Dalai Lama on the mind

When the mind isn’t working properly and we realise it, we may go to a mental health worker to seek a solution. We understand that without a properly working mind it is difficult to function.

The Dalai Lama said, “Since the primary motive underlying the Buddhist investigation of reality is the fundamental quest for overcoming suffering and perfecting the human condition, the primary orientation of the Buddhist investigative tradition has been toward understanding the human mind and its various functions. |

The assumption here is that by gaining deeper insight into the human psyche, we might find ways of transforming our thoughts, emotions and their underlying propensities so that a more wholesome and fulfilling way of being can be found.”

A family member is presently going through what is called “A Nervous Breakdown” and what my teenage nieces call, “A meltdown”.  But even with the helping sources available, sometimes a person just has to be broken fully, perhaps, before he can start up life anew.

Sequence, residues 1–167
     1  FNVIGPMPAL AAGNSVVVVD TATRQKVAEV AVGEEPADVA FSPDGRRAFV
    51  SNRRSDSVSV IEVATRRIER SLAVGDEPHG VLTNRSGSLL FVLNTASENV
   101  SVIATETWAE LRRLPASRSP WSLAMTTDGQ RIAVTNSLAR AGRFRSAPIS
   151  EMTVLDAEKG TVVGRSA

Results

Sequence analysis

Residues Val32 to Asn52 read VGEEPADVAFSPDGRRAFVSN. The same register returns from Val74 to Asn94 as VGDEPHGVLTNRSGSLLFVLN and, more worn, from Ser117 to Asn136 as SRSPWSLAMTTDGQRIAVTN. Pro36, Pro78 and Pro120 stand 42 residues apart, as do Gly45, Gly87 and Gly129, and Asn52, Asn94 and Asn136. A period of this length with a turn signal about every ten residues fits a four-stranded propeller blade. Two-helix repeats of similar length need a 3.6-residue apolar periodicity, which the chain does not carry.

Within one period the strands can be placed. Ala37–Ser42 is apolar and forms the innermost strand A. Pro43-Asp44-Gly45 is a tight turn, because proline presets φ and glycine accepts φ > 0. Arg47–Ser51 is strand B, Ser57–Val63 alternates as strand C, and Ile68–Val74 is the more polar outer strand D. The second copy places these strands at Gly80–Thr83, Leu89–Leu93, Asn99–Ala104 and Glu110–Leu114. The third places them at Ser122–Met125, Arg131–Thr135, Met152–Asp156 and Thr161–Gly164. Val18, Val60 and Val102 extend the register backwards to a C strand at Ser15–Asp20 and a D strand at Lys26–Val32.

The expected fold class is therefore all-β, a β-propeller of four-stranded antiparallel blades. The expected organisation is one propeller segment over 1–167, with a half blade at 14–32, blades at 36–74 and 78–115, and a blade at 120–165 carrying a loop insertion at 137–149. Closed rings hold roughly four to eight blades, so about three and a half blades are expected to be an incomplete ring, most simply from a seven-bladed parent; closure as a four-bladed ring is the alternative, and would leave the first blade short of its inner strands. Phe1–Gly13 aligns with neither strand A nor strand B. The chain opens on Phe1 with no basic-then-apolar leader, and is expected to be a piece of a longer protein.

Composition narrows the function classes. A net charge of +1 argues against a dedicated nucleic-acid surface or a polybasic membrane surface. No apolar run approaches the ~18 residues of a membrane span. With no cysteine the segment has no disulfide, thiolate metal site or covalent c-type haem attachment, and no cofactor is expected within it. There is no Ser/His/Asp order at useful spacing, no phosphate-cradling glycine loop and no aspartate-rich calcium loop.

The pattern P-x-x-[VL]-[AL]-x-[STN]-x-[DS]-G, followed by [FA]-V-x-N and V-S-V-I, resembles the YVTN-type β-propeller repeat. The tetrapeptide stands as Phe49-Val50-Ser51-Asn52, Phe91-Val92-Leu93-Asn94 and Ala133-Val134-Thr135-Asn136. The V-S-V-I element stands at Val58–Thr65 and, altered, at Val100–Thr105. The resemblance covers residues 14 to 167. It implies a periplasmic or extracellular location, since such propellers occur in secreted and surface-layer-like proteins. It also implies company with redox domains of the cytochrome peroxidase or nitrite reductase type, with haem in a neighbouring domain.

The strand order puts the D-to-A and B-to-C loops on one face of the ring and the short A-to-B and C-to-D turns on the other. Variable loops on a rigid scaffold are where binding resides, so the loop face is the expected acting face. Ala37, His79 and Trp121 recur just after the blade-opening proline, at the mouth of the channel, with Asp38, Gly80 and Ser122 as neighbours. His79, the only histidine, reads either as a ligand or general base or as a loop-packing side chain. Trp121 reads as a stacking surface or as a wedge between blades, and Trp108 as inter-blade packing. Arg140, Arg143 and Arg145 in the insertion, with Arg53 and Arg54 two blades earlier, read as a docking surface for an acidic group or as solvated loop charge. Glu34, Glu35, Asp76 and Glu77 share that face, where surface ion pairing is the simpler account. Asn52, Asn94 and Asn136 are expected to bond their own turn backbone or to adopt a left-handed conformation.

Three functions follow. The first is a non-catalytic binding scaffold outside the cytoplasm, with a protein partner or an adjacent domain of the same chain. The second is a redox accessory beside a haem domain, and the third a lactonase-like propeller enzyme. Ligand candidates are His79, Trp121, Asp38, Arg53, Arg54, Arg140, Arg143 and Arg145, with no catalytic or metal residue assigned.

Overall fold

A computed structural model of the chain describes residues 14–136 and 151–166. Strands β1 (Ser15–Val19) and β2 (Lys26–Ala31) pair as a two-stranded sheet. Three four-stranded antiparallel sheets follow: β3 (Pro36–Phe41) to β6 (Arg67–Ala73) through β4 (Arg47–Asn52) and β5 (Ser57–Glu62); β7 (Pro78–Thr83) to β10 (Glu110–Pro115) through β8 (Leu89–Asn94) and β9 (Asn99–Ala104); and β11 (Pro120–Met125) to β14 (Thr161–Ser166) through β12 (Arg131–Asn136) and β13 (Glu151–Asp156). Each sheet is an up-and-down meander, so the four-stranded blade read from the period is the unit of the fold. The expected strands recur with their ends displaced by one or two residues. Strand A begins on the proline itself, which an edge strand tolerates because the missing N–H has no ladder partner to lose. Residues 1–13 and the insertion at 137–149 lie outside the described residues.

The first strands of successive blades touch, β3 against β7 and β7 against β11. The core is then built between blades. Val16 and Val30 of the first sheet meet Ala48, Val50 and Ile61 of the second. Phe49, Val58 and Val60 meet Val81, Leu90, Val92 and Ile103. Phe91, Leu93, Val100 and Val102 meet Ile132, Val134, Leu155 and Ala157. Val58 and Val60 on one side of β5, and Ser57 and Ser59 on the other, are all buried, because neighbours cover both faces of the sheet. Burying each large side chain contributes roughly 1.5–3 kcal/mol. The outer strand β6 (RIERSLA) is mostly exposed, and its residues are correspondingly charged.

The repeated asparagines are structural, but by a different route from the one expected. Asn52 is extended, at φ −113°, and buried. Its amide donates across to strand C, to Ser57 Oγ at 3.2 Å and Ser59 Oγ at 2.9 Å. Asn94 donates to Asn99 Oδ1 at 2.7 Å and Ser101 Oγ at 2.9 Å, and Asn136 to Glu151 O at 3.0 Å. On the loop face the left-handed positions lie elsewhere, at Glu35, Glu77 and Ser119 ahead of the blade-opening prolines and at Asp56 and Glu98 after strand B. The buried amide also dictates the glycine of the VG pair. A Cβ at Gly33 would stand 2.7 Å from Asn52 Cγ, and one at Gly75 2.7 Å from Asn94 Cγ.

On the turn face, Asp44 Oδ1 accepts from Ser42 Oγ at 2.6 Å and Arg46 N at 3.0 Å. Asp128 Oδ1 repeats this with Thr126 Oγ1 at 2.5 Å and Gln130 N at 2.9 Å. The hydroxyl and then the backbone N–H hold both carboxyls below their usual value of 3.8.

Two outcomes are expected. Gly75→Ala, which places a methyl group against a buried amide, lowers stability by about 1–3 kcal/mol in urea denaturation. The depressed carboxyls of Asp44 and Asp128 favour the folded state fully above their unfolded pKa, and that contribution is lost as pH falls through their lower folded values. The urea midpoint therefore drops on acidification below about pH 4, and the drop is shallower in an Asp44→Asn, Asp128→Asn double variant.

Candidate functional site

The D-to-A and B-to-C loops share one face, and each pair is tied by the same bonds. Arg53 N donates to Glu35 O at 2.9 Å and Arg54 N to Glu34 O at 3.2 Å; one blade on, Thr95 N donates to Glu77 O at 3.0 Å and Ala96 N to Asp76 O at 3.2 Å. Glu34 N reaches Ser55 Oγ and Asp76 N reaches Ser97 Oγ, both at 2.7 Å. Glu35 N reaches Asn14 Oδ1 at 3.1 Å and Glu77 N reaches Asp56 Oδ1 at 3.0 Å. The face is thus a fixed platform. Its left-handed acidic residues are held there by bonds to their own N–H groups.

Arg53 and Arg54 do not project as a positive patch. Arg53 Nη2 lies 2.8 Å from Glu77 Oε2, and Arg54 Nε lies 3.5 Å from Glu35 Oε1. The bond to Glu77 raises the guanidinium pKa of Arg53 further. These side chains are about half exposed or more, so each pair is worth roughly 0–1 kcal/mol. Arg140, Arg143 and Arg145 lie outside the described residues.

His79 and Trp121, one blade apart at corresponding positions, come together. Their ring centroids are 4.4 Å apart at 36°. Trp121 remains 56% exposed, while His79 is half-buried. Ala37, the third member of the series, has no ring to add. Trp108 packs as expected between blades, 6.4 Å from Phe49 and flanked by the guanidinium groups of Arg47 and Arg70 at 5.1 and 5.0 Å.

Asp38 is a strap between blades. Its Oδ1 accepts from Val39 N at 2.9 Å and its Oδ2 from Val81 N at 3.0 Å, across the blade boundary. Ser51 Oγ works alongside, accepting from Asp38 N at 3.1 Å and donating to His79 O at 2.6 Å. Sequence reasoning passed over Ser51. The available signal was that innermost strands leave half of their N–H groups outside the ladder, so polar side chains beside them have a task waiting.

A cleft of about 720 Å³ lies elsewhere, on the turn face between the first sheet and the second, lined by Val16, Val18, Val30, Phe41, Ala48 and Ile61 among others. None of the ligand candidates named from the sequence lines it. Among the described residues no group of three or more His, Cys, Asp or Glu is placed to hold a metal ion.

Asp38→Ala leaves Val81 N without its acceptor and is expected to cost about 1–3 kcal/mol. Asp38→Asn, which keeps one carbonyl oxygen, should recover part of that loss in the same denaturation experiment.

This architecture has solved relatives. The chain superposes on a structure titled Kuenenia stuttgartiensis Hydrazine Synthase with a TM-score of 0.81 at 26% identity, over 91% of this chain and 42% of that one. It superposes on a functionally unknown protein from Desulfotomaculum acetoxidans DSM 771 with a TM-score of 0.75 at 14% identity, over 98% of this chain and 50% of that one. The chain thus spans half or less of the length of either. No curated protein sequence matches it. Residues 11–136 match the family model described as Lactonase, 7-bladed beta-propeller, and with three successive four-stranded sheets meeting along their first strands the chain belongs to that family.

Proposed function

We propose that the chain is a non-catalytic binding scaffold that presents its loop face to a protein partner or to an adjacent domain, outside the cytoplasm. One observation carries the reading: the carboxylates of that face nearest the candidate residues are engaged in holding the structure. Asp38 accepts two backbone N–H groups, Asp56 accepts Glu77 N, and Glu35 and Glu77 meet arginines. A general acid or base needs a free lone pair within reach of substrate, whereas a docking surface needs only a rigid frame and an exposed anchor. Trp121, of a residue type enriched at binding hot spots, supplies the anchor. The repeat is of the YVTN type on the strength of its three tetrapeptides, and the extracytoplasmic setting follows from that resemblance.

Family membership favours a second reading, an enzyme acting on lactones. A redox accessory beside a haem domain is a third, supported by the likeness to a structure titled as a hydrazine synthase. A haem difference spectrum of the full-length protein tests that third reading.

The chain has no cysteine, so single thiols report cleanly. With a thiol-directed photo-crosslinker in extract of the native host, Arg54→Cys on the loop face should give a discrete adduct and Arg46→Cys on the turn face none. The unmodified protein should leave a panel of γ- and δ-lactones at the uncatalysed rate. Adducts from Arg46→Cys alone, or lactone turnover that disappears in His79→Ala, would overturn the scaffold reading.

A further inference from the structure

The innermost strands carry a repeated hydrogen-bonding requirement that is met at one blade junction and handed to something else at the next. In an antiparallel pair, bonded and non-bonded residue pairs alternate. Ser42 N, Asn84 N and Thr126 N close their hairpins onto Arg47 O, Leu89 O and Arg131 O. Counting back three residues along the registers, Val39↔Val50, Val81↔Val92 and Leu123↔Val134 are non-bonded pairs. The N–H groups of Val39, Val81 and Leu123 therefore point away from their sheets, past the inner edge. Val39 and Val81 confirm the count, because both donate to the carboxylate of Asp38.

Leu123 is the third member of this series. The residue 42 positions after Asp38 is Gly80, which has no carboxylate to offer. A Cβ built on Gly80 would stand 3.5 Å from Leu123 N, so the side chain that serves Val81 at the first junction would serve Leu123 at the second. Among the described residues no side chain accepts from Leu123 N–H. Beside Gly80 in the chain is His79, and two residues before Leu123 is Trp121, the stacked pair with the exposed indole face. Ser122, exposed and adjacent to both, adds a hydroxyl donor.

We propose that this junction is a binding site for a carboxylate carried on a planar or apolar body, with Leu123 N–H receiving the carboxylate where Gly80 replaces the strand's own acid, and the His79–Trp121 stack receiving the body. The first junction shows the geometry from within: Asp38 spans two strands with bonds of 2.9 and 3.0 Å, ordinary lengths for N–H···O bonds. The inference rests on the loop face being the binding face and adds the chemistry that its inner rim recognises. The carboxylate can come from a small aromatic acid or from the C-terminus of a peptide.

The Dalai Lama noted, “It is in this context that the Buddhist tradition has devised a rich classification of mental states, as well as contemplative techniques for refining specific mental qualities. So, a genuine exchange between the cumulative knowledge and experience of Buddhism and modern science on wide-ranging issues pertaining to the human mind, from cognition and emotion to understanding the capacity for transformation inherent in the human brain can be deeply interesting and potentially beneficial as well.”

The word transformation leaps out. Isn’t this what happens to us when we are felled like trees, by the blows of life? Alcohol and drug rehabilitation centres are full of good people who developed addictions and are now learning to transform themselves a day at a time.
Our beloved monk explained, “In my own experience, I have felt deeply enriched by engaging in conversations with neuroscientists and psychologists on such questions as the nature and role of positive and negative emotions, attention, imagery, as well the plasticity of the brain. The compelling evidence from neuroscience and medical science of the crucial role of simple physical touch for even the physical enlargement of an infant’s brain during the first few weeks powerfully brings home the intimate connection between compassion and human happiness.”

“Buddhism has long argued for the tremendous potential for transformation that exists naturally in the human mind, Dalai Lama reiterated.

“To this end, the tradition has developed a wide range of contemplative techniques, or meditation practices, aimed specifically at two principal objectives - the cultivation of a compassionate heart and the cultivation of deep insights into the nature of reality, which are referred to as the union of compassion and

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